Sleep is the devil, even with a second driver on a bus


By YS Chan

Another express bus has crashed. This time, a passenger was killed and 15 others were injured in the accident that occurred at Km152 of the North-South Expressway (NSE), near the Bukit Tambun exit, at 4.15am on March 27.

The police are investigating the cause of the accident that occurred after the bus driver lost control of the vehicle, which crashed into the divider before rolling over on its side on the highway.

It is easy to lose control of a vehicle, more so one that is heavy and has a high centre of gravity, like a bus, when the tyres aquaplane on a wet road.

Recently, a car that drove over a puddle of water while taking a bend at high speed on the Thean Teik Highway in Air Itam, Penang, flipped and turned turtle. The whole incident was captured on the dashboard camera of the car behind.

But this was unlikely in the case of the bus as the drainage along expressways is much better than that of regular roads and city streets.

Such bus crashes could be due to the driver dozing off. If that were the case, then the second driver on board would be of no help. It would not have made a difference if there had been 40 second drivers on board a bus as, at that hour, everyone would be sleepy.

Unless we have sufficient proof that drivers can reverse their body clock to sleep during the day and be wide awake at night, it is better to discourage overnight travel in express buses by introducing a surcharge.

It is extremely difficult to remain awake while driving. When I was in my 20s, I often drove tourists from here to Singapore in a limousine.

Instead of staying overnight in Johor Bahru, after dropping them off, I would return straight to Kuala Lumpur, which was no mean feat at a time before the NSE.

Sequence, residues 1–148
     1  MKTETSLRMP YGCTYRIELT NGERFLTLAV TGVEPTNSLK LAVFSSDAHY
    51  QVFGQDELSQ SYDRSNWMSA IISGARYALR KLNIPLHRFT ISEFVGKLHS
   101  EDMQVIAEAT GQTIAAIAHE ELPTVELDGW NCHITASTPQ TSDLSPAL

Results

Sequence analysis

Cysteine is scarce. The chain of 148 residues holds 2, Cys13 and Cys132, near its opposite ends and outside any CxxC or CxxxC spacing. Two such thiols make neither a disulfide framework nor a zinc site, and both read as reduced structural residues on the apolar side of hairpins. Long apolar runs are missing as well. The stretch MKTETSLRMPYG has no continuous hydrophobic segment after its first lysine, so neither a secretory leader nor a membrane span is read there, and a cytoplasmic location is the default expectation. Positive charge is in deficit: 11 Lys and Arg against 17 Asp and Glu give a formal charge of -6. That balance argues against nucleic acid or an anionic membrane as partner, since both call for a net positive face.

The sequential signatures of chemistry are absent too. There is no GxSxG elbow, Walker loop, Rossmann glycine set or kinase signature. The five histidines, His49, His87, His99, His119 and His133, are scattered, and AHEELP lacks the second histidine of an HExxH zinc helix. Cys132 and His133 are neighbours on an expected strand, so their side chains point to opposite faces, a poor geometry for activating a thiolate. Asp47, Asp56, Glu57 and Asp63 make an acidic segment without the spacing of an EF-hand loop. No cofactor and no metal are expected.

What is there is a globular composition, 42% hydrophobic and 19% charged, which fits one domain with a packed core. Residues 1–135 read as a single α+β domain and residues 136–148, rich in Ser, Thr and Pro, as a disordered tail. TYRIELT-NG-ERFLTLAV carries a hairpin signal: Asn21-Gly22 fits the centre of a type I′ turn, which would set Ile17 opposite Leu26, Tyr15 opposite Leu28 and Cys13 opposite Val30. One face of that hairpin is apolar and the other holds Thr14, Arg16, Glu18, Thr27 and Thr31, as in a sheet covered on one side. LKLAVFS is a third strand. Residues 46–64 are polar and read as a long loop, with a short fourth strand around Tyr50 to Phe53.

But there was one night I had to get up from sleep to send a mechanic to Singapore to repair one of my company’s tour buses that had broken down.

I brought along several oranges, which I ate like apples, without peeling off the skin, to remain awake.

Even pillion riders can fall off motorcycles when they are sleepy. In my youth, I was foolhardy enough to ride pillion from Kuala Lumpur to Port Dickson and return the same night to work the next morning.

Several times, I dozed off, lost my balance, and almost fell off the motorcycle. I knew I had to stay awake to remain alive, but I just could not control it. Can bus drivers overcome their sleepiness?

Many drivers may not be aware when they fall into a microsleep that lasts a split second. Those lasting much longer may cause the drivers to panic when they wake up and realise they are not in control of the vehicle.

Many may overreact by stepping hard on the brakes and swerving violently to avoid a collision. Anyone who does this can flip any vehicle, even an F1 racing car, at high speed.

The best way to reduce express bus accidents at night is to make sure drivers have enough sleep during the day.

Giving rest time to drivers does not mean they will use the time to get enough rest. The only way to be sure is to quarantine them in sound-proof, completely dark sleeping capsules so they enjoy the soundest sleep.

Having two drivers on board a bus only encourages passing the buck. This arrangement gives a false sense of safety as it is easy to think that the other driver can always take over if one is sleepy.

But by the time one feels sleepy, it may already be too late, which is probably what happens in many cases of bus accidents with a second driver on board.

YS Chan is an FMT reader

With a firm belief in freedom of expression and without prejudice, FMT tries its best to share reliable content from third parties. Such articles are strictly the writer’s personal opinion. FMT does not necessarily endorse the views or opinions given by any third party content provider.